I'm back from Atlanta, and, boy, what a weekend! LASA A from Texas is your 2013 HSNCT champion, after winning a game against Ladue from Missouri that was so thrilling, Ladue was actually declared the winner at one point! [More on that later.]
The whole quizbowl tournament took place at the Hyatt in Atlanta, which was very nice and posh until you walked a block in either direction. I took a walk in Atlanta on Friday after arriving and immediately happened upon several belligerent homeless guys and "Mayor's #1 Park," an incredibly small piece of greenery that had several homeless folks asleep on it at midday. I'd hate to see what the Mayor's #2 pick was.
Friday night was spent reading scrimmages for high school teams who were randomly matched against each other, and it really impressed upon me that, when you have a 256 team tournament, not all of those teams are going to be super-good. In my preview, I already mentioned the card system the tournament uses, and late Saturday, I read matches like #234 vs #246. Some of the teams here are not national contenders, but this is a natural side effect of the qualification system. If you finish in the top X of teams at a regional tournament, you qualify. Unfortunately, teams in South Dakota are nowhere near as good as teams in quizbowl hotbeds like Illinois and Missouri, so lots of outmatched teams show up and are slaughtered by regional powerhouses [take game number 1 on these stats, for instance].
By Sunday, teams 6-4 and above make the playoffs, and a bunch of rounds of what is essentially double elimination are played as you watched the weaker teams get eliminated over and over and end up tied for 50th. 6-4 teams only need one loss to be eliminated, which made the third place run by Loyola [IL] all the more miraculous— they won 9 straight to get to the third place game. But Loyola lost in that game to Ladue, setting up a one game final against LASA for the title.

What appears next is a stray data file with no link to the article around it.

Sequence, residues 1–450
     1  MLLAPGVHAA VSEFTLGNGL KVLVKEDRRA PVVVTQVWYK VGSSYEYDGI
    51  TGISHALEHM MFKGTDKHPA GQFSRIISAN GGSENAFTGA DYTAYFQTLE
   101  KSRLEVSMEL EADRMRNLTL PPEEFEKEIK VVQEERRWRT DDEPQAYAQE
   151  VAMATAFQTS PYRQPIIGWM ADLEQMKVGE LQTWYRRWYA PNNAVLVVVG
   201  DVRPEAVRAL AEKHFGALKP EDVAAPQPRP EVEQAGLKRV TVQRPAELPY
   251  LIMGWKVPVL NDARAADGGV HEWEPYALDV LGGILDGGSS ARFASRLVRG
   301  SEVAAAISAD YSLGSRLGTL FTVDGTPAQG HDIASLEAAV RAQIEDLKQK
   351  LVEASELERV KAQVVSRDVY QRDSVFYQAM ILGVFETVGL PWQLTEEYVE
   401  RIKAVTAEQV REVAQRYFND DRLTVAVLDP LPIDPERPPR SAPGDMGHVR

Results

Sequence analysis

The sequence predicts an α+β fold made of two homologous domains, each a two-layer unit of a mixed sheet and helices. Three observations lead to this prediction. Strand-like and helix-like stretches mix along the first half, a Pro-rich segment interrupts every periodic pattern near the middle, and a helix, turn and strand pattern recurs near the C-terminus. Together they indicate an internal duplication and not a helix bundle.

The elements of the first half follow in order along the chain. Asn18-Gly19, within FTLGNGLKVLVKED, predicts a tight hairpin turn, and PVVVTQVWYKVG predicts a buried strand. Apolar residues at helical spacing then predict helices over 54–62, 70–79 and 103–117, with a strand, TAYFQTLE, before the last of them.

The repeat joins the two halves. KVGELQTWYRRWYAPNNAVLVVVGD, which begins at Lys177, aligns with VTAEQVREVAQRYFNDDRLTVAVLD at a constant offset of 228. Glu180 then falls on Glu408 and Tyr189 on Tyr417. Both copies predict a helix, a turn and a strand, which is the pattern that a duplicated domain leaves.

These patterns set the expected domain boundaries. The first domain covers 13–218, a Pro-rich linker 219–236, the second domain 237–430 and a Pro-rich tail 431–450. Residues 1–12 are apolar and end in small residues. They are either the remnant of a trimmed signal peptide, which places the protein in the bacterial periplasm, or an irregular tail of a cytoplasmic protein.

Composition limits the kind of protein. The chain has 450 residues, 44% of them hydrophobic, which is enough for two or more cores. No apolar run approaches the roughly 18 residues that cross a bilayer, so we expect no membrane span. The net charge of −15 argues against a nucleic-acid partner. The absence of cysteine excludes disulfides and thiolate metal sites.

The game was absurdly close. Neither team pulled away ever. Near the end, Ladue earned 15 points by buzzing in early on a math tossup and took the lead. After their bonus, Ladue had taken the lead, and the moderator declared the game over and Ladue the champion. The 200+ people in the auditorium to watch the final stood and applauded. Then someone whispered something into the moderator's ear and he sheepishly revealed that he had read 23 tossups, not 24, and that he skipped a question somewhere. He read it; it was a current events tossup on Zimbabwe, which LASA got, winning them the game. Ladue looked understandably crestfallen— they had literally been told they had won the game, and then the moderator yanked it away like Charlie Brown's football. The final score was 455-440, the highest combined score of a final ever.
While the final was astounding and exciting, there was some less great moments, as well. Not every team could be as good as LASA and Ladue, and some games were miserable 80-50 slogs. After I read a relatively close 180-120 game, the coach of the losing team took his team to the corner of the room and began screaming at them that HE DID NOT COME ALL THIS WAY TO LOSE! Sometimes, the people who coach quizbowl are not the most well-adjusted people in the world.
All in all, it was a fun experience, and who could complain about free airfare and lodging just to read quizbowl questions for a weekend? I'll do it next year, but first, there's ANOTHER national tournament right here in Maryland— the NSC. It's slightly different. Maybe we can convince Magary to come.